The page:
Moving to L.A. to make a living as a photographer, musician or painter is not a commitment to art. It´s the proof a strategic and structured commercialization of artistic approaches. Making a living on art requires investments from people who concider your work worth of their monetary attention. The term investment pretty much states it by defintion: it´s a transformation of monetary capital into goods of various nature. Then again goods are definied by a limited quantity, which adds to their value. Well, so someone is obviously interpreting you as production capital. This seems like a very weird interpretation of an artist.
While moving to a specific city or country for networking and synnergy purposes seems like a good argumentation, realilty usually demasks other motives. Ever since the 40s european artist have been moving to the US to make a living with their art (Eva Hesse, Marina Abramovic, Louise Bourgeoise..), just as have US artist who moved to various cities (Patty Smith, Robert Mapplethorpe..). This implies the transformation of a passion to a profession and by this work.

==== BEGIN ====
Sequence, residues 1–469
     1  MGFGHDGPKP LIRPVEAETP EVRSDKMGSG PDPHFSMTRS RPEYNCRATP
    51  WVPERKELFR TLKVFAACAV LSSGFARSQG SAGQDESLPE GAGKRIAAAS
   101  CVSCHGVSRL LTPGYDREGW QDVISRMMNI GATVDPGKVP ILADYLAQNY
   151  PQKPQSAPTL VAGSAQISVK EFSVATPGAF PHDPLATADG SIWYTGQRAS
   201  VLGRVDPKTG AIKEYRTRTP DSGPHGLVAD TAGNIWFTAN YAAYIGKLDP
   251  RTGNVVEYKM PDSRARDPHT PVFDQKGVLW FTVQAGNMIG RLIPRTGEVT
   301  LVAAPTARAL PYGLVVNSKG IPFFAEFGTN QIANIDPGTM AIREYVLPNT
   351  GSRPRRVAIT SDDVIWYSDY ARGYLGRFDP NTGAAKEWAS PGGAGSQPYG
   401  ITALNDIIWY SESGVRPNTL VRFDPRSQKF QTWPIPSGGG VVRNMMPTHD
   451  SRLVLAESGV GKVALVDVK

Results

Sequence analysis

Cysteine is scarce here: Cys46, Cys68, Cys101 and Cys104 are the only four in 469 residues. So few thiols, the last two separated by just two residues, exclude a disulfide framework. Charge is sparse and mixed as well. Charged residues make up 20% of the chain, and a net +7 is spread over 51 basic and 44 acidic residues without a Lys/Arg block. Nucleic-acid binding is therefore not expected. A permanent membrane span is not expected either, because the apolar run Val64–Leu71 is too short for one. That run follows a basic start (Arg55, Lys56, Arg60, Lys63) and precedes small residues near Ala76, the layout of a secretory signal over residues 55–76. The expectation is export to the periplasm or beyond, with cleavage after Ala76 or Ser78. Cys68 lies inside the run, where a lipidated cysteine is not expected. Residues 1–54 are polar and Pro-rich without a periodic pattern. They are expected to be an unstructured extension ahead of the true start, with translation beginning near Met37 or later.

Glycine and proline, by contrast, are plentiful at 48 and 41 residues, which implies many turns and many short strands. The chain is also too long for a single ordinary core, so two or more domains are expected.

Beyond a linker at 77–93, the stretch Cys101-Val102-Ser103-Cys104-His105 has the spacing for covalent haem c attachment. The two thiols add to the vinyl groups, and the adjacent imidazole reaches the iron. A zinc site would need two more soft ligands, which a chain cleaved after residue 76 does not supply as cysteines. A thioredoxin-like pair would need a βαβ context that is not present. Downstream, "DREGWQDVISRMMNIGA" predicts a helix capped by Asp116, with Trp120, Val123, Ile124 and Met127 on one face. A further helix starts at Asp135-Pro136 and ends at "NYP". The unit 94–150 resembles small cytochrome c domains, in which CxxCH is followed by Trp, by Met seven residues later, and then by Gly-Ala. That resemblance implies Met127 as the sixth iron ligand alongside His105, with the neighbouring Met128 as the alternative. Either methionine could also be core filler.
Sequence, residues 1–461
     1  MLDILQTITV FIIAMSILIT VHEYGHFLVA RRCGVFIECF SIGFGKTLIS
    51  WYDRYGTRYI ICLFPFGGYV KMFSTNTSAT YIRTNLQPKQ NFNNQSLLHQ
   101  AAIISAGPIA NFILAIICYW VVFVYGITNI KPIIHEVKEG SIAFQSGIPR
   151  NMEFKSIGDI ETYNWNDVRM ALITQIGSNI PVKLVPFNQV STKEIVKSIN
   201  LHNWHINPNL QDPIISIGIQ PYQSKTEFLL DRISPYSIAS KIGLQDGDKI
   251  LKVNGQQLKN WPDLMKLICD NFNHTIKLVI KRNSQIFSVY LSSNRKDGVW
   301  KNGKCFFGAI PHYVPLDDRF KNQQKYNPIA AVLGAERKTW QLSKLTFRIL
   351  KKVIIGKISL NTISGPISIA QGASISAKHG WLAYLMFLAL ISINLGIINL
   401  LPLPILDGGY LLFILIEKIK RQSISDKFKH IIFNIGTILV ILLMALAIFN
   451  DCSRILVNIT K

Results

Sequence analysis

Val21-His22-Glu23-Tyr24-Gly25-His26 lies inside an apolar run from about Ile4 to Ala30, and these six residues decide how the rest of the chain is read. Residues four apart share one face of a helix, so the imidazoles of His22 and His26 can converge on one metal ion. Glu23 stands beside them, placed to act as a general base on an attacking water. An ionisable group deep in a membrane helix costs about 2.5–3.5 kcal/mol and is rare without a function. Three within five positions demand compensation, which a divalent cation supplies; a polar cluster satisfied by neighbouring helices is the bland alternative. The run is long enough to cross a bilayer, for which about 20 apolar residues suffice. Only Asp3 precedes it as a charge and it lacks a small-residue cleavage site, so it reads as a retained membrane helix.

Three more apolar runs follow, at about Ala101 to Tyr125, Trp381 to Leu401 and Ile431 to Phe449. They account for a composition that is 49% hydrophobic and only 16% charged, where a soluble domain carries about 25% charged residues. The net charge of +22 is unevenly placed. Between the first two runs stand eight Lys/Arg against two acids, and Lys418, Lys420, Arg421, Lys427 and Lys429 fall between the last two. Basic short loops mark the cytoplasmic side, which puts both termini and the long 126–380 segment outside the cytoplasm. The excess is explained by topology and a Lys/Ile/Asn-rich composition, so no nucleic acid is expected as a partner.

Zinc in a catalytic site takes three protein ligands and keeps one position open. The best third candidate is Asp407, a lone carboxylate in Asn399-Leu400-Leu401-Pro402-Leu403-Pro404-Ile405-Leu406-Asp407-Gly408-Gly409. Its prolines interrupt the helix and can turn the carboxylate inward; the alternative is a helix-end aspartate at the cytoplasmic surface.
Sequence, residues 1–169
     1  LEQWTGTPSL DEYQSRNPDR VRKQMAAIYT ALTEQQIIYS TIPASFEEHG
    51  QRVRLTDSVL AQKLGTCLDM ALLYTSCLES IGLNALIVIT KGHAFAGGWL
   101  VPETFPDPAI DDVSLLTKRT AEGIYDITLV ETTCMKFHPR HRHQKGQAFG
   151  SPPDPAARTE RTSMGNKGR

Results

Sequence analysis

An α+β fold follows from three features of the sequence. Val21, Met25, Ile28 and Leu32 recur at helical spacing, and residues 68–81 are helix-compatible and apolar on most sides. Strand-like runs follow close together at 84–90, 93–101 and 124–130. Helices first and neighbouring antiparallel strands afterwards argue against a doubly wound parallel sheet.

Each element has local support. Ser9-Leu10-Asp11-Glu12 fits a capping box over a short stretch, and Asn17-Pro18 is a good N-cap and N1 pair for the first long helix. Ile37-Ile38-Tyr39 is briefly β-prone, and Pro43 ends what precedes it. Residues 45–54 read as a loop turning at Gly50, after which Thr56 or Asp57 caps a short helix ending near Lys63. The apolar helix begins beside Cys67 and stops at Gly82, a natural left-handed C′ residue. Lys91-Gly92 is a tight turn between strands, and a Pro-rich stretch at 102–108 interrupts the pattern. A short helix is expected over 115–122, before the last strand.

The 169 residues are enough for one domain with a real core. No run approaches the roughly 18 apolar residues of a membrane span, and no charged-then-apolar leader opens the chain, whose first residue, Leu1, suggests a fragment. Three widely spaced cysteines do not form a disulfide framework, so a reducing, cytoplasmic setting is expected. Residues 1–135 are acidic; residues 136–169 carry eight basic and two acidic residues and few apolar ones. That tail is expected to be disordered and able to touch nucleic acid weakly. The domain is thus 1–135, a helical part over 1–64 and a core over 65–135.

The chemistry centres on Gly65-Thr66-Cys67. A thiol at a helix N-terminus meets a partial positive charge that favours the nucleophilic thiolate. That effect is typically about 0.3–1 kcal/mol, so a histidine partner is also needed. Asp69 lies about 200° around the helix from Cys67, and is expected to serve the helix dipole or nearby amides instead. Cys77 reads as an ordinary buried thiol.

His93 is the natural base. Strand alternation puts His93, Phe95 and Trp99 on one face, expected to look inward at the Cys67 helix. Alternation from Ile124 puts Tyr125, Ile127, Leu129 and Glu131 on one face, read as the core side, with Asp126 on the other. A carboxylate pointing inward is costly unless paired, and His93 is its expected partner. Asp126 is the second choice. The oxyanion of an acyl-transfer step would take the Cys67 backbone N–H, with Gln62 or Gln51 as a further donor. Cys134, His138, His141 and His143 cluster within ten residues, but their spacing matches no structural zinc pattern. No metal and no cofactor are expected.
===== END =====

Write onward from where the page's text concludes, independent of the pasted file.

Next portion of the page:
Concidering the approach of art for arts sake, that by definition makes an artist, this leads the whole case obsolete. What about people like Bulgakow who wrote their entire life without even the slightest chance of getting published? Not for money, not for fame or recognition or other ego-inflation, for pure intrinsic motivation of creating something of value for your own spirit. Persistence and stamina gain special attention in this scenario. The master and margarita is one of my favourite books ever, an emotional counterpart to Goethes Faust that also donated the famouse phrase for Ciorans poem „der Tod ist ein Meister aus Deutschland“, based on Bulgakows Prof. Voland. I cant prove this but it´s way too matching to be incidental. Writing on it for 26 years he did not live to see it published. I hope one day you will be able to read it in the original russian version as there are just no words that include this amount of spirituality and emotion in western languages.